High Performance & Configurable Computing Research | ECE | Virginia Tech

Research Areas

We always demand more from our computer systems. They need to be faster, more adaptable, and more efficient. ECE researchers are using new methods to meet these demands- including letting computers dream.

Associated Labs & Facilities

Current Research

Computational Dreaming

Intelligent beings must sleep and dream, seemingly against all survival instincts. Dreaming is necessary for efficient mental processes. The human brain uses levels of parallelism well beyond what is achievable using conventional forms of computer parallelism. ECE researchers have demonstrated how a dream-inspired phase of computation can be used to develop parallel contexts, or greatly simplified algorithmic processes tuned to specific usage scenarios, which are then selected for real-time (awake) use. Our goal of this research is to demonstrate how a novel form of scalability, and constant performance over increasing algorithmic complexity, mimics the way the brain is utilized in real-time, and enables the utilization of virtually limitless levels of parallelism.

FPGA Technology

Software Defined Radio

Radio technology is rapidly evolving, and as processing capabilities and algorithms become more complex, the need for alternative compilation and user interface abstraction increases. Field Programmable Gate Array (FPGA) technology introduces unique reconfigurable hardware architectures that can aid in software defined radio (SDR) design. FPGAs have greater processing capability than traditional General Purpose Processors (GPP) found in desktop workstations.

ECE research has been building on an ongoing project, GR-easy, that augments a Linux-based open source SDR development platform, GNU Radio, with FPGA processing capabilities. By delegating processing-intensive portions of a radio design to the Xilinx Zynq FPGA architecture, the domain of deployable radios by GNU Radio is broadened. Xilinx Zynq integrates the FPGA fabric and CPU onto a single chip, eliminating the need for a controlling host computer, thus providing a single, portable, low-power, embedded platform.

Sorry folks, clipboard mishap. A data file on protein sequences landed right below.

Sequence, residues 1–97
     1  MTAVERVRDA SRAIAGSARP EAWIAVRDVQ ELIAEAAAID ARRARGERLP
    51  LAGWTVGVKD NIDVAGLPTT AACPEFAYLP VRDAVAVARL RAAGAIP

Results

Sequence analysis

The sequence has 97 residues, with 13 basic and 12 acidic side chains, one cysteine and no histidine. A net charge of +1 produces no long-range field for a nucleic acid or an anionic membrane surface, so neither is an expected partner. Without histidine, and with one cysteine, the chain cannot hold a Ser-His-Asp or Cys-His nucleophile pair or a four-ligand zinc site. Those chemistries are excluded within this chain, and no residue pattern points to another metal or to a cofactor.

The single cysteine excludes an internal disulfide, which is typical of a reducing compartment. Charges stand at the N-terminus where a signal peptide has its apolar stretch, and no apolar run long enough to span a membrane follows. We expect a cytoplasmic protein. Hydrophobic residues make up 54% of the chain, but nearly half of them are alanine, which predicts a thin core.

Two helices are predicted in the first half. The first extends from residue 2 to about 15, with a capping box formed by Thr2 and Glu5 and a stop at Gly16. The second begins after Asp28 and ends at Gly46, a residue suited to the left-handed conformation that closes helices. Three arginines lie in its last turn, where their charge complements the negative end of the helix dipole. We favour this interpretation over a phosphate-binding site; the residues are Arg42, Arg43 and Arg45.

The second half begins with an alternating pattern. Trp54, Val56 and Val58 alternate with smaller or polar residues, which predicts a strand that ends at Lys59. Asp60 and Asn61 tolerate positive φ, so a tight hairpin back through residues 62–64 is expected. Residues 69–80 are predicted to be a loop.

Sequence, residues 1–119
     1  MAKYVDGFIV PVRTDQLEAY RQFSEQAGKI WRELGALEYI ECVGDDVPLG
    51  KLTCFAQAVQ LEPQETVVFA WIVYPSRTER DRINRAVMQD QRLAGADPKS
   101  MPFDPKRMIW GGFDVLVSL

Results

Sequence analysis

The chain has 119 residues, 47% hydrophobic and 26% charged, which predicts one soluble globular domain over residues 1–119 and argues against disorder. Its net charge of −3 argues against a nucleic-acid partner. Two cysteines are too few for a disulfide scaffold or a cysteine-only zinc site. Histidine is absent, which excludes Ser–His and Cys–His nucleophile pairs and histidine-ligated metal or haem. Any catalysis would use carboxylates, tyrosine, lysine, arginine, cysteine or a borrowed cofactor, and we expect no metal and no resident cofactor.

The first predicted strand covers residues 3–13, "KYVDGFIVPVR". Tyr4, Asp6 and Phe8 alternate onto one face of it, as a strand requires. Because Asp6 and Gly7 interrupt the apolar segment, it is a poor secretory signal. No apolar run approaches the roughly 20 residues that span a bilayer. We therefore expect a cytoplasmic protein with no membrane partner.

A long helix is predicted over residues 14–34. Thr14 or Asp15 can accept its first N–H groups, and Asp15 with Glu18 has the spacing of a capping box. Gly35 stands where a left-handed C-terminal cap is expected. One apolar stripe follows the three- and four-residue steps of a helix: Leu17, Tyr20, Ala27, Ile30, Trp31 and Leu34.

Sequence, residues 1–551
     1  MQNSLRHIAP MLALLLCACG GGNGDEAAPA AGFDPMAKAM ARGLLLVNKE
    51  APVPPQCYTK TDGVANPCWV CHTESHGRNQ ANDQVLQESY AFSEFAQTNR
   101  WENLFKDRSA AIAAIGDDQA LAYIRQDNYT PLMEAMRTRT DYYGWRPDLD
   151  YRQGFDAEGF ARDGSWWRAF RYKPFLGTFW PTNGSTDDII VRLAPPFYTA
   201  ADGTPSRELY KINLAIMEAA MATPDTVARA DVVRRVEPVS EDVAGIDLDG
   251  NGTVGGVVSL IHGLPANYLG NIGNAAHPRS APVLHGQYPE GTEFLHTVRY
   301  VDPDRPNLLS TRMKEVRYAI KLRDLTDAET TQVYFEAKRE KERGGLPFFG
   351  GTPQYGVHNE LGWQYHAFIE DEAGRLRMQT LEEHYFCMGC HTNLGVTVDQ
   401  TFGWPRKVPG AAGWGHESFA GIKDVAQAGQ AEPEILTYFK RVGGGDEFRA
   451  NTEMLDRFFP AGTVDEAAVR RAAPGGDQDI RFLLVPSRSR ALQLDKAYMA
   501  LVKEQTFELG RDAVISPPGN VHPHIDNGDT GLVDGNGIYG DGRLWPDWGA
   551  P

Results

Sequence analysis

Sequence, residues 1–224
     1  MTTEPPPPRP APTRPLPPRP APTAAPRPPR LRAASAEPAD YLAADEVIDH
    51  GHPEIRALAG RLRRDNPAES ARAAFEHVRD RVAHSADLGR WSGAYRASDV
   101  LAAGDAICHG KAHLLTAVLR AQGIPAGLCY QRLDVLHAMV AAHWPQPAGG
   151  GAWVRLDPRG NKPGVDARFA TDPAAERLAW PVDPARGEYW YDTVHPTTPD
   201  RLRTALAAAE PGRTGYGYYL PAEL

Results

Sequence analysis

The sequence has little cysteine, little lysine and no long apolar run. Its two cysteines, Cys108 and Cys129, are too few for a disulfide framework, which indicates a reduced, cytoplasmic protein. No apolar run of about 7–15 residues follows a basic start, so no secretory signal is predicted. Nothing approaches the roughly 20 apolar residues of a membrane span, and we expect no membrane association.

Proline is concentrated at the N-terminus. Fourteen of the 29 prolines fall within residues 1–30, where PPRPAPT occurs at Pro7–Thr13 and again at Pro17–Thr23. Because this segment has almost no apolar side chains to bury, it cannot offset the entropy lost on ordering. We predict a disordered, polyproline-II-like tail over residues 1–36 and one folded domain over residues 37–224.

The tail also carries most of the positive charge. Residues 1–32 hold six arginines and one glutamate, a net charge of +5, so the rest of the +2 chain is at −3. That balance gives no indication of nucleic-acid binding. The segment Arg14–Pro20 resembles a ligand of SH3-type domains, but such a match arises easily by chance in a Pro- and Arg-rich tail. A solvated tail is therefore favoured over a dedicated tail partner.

Big Data

In today's world of big-data computing, access to massive, complex data sets has reached an unprecedented level, and the task of intelligently processing such data into useful information is a growing concern to the high-performance computing community. However, domain experts, who are the brains behind this processing, typically lack the skills required to build FPGA-based hardware accelerators ideal for their applications. ECE researchers are developing a usable, end-to-end accelerator development methodology that attempts to bridge this gap between domain experts and the vast computational capacity of FPGA-based heterogeneous platforms.

To accomplish this, a development flow was assembled, targeting the Convey Hybrid-Core HC-1 heterogeneous platform and utilizing an existing graphical design environment for design entry. The efficacy of the flow in extending FPGA-based acceleration to non-engineers in the life sciences was informally tested at an NSF-funded summer workshop. A group of five life-science-focused, non-engineer participants made significant modifications to a bare-bones Smith-Waterman accelerator, not only extending its functionality but also improving its performance.